FIGS. 4a and 4b show a finger-motion actuated input block diagram;
FIGS. 5a and 5b show oscillographs of "e" and "uh" sounds respectively; and
FIGS. 6A 6B and 6C show charts of 15, 24, and 63 words respectively.
Referring to FIGS. 1 & 2, assume that touch microphones have been placed in the input circuits as in FIG. 4-B. Tapping microphone MIC #1 will step the TOP register. Tapping microphone MIC #2 will step the BOTTOM register. The double zero (00T) re-set positions of the registers does not enter into the code-word system. The first zero in the code is the re-set position of register #1. The second zero is the re-set position of register #2. The third character in the code, (T), is the toggle pulse which ANDs with all code combinations. Tapping the touch microphones in both channels will produce the following codes: TOP 1 BOTTOM 0, TOP 2 BOTTOM 0, TOP 3 BOTTOM 0, TOP 0 BOTTOM 1, TOP 0 BOTTOM 2, TOP 0 BOTTOM 3, TOP 1 BOTTOM 1, TOP 1 BOTTOM 2, TOP 2 BOTTOM 1, TOP 3 BOTTOM 1, TOP 2 BOTTOM 2, TOP 3 BOTTOM 3. These code combinations AND along with the TOGGLE (T) pulse to produce twelve words: 10T (I), 20T (SEE), 30T (YOU), 01T (ARE), 02T (O), 03T (K), 11T (AM), 12T (WE), 21T (YES), 31T (EGGS), 22T (PEE), 33T (AND). Using just the 3 bit two register system, the codes 13T, 23T and 32T will add three additional words. These additional words must be pre-programmed in the voice synthesizer.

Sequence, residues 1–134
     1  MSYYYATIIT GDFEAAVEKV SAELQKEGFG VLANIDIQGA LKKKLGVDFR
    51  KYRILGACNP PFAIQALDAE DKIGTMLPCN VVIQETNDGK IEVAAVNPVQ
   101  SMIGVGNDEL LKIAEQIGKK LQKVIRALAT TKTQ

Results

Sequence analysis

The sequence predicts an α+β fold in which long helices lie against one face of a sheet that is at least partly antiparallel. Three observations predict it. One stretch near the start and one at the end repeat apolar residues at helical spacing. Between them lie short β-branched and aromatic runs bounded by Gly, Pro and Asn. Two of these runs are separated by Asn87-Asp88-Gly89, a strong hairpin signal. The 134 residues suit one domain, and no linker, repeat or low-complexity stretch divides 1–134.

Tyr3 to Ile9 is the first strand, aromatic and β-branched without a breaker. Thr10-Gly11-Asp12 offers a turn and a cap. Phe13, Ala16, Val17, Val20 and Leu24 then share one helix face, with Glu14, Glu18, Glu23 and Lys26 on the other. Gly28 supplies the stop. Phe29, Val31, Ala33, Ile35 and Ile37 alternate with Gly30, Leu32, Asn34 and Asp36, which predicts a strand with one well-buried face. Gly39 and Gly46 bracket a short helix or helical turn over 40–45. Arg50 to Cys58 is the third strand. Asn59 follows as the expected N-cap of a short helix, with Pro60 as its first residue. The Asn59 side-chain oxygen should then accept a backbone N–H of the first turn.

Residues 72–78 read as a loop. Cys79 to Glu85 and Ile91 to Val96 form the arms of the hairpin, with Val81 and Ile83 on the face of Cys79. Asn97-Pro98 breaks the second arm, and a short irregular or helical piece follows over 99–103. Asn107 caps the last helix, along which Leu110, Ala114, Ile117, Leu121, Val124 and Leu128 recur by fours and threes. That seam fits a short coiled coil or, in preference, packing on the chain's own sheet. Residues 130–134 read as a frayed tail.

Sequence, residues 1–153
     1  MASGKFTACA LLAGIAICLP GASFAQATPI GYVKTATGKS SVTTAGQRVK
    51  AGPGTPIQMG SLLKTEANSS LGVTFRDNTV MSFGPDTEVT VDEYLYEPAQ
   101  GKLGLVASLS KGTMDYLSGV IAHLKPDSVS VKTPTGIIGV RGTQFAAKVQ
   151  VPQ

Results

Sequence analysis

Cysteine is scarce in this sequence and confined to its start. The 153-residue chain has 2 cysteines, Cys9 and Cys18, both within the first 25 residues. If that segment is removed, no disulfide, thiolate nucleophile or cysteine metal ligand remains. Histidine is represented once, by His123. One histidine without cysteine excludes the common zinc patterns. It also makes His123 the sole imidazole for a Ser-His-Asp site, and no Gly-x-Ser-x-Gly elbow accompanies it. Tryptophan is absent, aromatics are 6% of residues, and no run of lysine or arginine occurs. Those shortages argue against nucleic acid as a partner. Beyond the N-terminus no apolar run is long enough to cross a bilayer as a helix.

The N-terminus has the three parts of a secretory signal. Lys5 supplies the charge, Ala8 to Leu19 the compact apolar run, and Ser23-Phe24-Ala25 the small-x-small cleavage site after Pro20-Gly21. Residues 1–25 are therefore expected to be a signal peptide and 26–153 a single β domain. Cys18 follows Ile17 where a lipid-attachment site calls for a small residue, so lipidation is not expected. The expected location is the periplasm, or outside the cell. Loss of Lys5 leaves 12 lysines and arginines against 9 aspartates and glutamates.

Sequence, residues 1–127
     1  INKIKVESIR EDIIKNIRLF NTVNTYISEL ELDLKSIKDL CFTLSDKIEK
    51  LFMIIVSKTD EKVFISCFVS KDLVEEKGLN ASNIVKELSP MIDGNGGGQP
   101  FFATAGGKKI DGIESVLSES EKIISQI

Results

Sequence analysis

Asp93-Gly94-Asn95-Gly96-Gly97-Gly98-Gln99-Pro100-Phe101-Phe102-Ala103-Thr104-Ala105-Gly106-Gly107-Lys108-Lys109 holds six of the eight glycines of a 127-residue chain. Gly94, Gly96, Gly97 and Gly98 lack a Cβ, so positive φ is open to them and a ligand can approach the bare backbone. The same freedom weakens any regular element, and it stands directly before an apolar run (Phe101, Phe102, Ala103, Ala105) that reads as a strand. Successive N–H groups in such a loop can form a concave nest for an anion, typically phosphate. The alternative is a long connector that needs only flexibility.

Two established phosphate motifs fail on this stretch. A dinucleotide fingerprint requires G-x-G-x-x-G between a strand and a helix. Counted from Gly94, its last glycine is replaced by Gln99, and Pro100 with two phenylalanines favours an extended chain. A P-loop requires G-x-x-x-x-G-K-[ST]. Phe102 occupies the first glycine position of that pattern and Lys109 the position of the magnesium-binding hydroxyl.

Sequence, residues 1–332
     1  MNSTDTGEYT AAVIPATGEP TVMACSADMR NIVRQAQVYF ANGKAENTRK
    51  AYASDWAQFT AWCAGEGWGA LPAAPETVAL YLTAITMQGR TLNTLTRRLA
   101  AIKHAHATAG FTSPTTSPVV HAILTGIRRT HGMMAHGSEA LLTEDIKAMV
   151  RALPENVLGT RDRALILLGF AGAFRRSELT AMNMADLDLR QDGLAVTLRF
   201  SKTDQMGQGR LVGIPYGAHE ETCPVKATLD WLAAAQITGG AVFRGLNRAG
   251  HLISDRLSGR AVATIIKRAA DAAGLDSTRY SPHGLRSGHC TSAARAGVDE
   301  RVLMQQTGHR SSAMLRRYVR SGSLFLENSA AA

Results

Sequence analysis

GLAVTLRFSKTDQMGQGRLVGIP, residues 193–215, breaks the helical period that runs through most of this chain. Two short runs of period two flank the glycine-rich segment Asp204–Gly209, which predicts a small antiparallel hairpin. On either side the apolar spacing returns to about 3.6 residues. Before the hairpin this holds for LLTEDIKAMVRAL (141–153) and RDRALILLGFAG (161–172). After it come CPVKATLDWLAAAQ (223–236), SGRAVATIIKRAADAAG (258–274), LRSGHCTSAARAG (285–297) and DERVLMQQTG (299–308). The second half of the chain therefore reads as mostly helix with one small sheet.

When either channel is activated, the OR Circuit (OR-3) triggers one-shot #1. (OS-1) delays the re-set until the code of the word is completed. The 5 megohm potentiometer in OS-1 allows longer or shorter times to complete the codes. As the patient learns codes and reaction time quickens, the delay time may be shortened and the patient will talk faster. The trailing edge of the delay pulse will now drive OS-4 which generates the toggle pulse for AND coincidence along with the channel codes. OS-5 is driven by the trailing edge of the toggle pulse. OS-5 generates the re-set pulse to clear both registers to make-ready for a new code combination. The one megohm limiter in series with the 5 megohm potentiometer in OS-1 should be selected so that variation by the 5 megohm potentiometer will produce delay times between one and 3 seconds for one word formations.